But Bruns said the steps Facebook had taken to provide transparency around political advertising – chiefly through its ad archive – were fundamentally flawed and did not allow users to find political ads unless they first knew what they were looking for. Facebook also made it difficult for other government bodies like the Australian Electoral Commission to access its data, he said.
“There is no easy solution,” Bruns said. “But in the first place if Facebook is serious about saying ‘other people should deal with it, we don’t want to be in this space’, they will need to enable other people to do that job. And that means making the ad archive much more open and accessible.
“With Facebook, more fundamentally I would say a lot of what they say or the actions they take are often designed to generate positive publicity rather than achieve real change.”
An investigation by Guardian Australia in June revealed the death tax misinformation was, initially, a slow burn.
Three key events laid the foundations for the scare campaign: a Daily Telegraph article on 21 July 2018 reporting that the Australian Council of Trade Unions supported an inheritance tax, an uncritical follow-up discussion on the Sunrise program the following day, and a media release by Josh Frydenberg on 24 January 2019 warning of Labor’s supposed plans.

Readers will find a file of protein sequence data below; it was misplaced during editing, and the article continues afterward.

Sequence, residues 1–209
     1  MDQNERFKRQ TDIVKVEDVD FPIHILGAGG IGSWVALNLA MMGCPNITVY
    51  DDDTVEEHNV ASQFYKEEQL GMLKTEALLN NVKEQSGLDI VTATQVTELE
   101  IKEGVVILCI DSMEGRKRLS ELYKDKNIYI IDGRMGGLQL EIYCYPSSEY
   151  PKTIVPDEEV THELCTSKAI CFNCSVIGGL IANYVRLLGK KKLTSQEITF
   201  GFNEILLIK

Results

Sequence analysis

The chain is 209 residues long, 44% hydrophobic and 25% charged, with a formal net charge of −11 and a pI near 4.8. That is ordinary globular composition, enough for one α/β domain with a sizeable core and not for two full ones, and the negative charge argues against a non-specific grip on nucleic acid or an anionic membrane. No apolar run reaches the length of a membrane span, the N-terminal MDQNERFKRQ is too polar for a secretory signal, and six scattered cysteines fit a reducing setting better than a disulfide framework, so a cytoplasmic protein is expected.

But once the election campaign was in full swing, false material was shared on Facebook both through public posts and private direct messages. Material sent en masse through direct messages included: “Labor, the Greens and Unions have signed an agreement to introduce a 40% inheritance tax.” The messages all linked back to Frydenberg’s January press release.
Labor first asked Facebook to take action against the fake news about the death tax proliferating on its platform on 18 April. The Labor campaign then sent a dossier of material to the social media giant over the weekend of 11 and 12 May.
Unhappy with Facebook’s response, and with some evidence emerging of a coordinated and well-financed effort to boost the death tax messaging, Labor then asked for the complaints to be escalated within the company. Three days before the election, Carroll spoke to Milner by teleconference.
According to Labor campaign insiders, Milner reiterated previous advice given the campaign about fact checking activities and demotion, but told Labor’s digital team he would provide a report with some urgency on the concrete steps Facebook was taking to limit the damage.
Milner says he sent a follow up email to Carroll on May 17, the day before the election, which addressed how demotion worked, and identified that death tax was not one of the most-discussed topics on Facebook during the election contest.
Carroll wrote to Milner again on June 4 reminding him that he had promised to supply a report demonstrating “identifiable and measurable steps Facebook had taken to combat the spread of this specific misinformation campaign”.
“I am yet to receive any information beyond a reference to a broad and generic second last week activity report which failed to list death tax as an issue being searched amongst several at all,” the national secretary said in his letter.
The letter from Milner defending Facebook’s practices seen by Guardian Australia was sent to Carroll on 18 June – a month after election day.